The Definition of Railgun
A railgun is an electrically powered electromagnetic projectile launcher based on similar principles to the homopolar motor.
Using a magnetic field powered by electricity, a rail gun can accelerate a projectile up to 52,493 feet (16,000 meters) per second.
A railgun consists of two parallel metal rails (hence the name) connected to an electrical power supply. When a conductive projectile is inserted between the rails (at the end connected to the power supply), it completes the circuit. Electrons flow from the negative terminal of the power supply up the negative rail, across the projectile, and down the positive rail, back to the power supply.
19 Other Firearms Definitions You Need To Know
A safety lever or button found on the outer surfaces of the firearm and is accessible to the user. Enabling the external safety should prevent accidental pulling of the trigger. However, the best safety is always you.
A screw with about half of its threading removed in longitudinal sections. Often used at the breech end of a
takedown firearm's barrel. When the barrel's interrupted female threads are inserted into the receiver's
complementary interrupted male threads, only a partial rotation is necessary for assembly rather than many full turns.
A hand tool used in the field for inserting live
and removing spent primers from cartridges.
Abbreviation for 'Bad Guy'
A self-loading firearm whose breechblock and barrel are not positively locked together, but which incorporates a mechanism which initially restricts the breechblock from moving when fired, delaying its opening.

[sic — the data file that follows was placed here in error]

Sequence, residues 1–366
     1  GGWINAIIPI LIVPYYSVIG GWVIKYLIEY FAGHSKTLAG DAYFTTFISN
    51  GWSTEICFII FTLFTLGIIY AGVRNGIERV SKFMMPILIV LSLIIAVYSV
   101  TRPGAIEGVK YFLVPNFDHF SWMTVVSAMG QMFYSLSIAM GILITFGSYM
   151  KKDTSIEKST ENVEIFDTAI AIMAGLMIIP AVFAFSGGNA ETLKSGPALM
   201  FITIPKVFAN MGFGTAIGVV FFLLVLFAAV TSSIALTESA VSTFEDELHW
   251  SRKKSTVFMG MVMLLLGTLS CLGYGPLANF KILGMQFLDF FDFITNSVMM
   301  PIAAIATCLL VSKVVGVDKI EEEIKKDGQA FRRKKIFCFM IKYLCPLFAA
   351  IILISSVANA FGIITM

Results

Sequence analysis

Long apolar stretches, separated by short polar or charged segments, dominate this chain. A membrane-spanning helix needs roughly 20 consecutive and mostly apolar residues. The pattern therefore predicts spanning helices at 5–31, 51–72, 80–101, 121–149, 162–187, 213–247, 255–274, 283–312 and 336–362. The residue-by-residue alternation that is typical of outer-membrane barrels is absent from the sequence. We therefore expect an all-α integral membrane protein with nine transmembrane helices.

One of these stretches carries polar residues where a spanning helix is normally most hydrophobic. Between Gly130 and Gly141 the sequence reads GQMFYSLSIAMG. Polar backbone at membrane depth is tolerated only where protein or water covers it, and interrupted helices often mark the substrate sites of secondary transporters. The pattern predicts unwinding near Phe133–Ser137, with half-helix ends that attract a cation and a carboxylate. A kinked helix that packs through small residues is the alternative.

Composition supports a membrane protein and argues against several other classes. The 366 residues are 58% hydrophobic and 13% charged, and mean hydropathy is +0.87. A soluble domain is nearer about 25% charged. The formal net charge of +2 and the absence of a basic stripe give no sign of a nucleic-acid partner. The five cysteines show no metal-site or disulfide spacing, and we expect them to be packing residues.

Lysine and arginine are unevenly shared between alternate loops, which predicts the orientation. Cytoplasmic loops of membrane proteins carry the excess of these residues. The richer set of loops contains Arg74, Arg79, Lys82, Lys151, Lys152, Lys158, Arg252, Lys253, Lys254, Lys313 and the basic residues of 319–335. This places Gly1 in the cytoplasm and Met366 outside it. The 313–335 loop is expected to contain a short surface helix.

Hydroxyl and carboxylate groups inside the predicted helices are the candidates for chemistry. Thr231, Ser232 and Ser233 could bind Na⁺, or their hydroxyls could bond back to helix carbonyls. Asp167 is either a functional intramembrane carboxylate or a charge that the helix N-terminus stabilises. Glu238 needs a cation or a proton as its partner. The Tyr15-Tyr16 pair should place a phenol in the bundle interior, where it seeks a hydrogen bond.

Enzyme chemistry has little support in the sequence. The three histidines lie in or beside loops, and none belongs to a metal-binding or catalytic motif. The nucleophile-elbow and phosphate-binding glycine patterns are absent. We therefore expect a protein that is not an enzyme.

A type of reflector (reflex) sight for firearms that gives the uses a red light-emitting diode as a reticle to create an aimpoint.
Abbreviation for Concealed Handgun License.
Common term for federally restricted "short-barreled shotgun (rifle)" as with a conventional shotgun with barrel less than 18" (rifle less than 16") or overall length less than 26.
A two-barreled, side-by-side, shoulder-fired gun having one
smoothbore shotgun barrel and one rifled barrel.
A gun with more than one barrel, the most common being the double-barreled shotgun.
The tendency of a firearm when fired to move backwards, and a little upwards as a reaction to the force of the projectile moving down the barrel.
As Newton says, to every action there is always an equal and opposite reaction. The mass of the firearm provides some inertia to counteract the momentum of recoil.
What remains is absorbed by at the shoulder or the hand. The heavier the gun, the less the recoil. The more powerful the cartridge, the more the recoil.
A rib extension on a break-open gun, ending in a circular or semi-circular shape in plan (resembling the head of a doll),
mating into a similarly-shaped recess in the top of the receiver, designed to resist the tendency of
the barrels to pull away from the standing breech when firing.
Because an action's centerpoint of flexing when firing is at the base of the standing breech, not at the hingepin, a passive doll's
head extension makes an effective extra fastener, even without additional mechanical locks operated by the opening lever.
The distance between the rear sight and the front sight. As a longer lever provides greater mechanical advantage, the greater the distance between the two sights, the more inherently accurate they will be.
To bring the butt of a long gun's stock to the shooter's shoulder, preparatory to firing the gun.
That part of the stock on a rifle or shotgun into which the barrel fits.
A Moon Clip that hold enough rounds to load only a portion (usually half capacity) of a revolvers cylinder.
A type of firearm capable of discharging multiple individual shots in sequence, fed from a magazine, via the operation a lever, bolt, slide or some other form of manual operation.
A spring-activated mechanism for the ejection of ammunition or and empty shell casing. On doubles, each barrel has a separate ejector.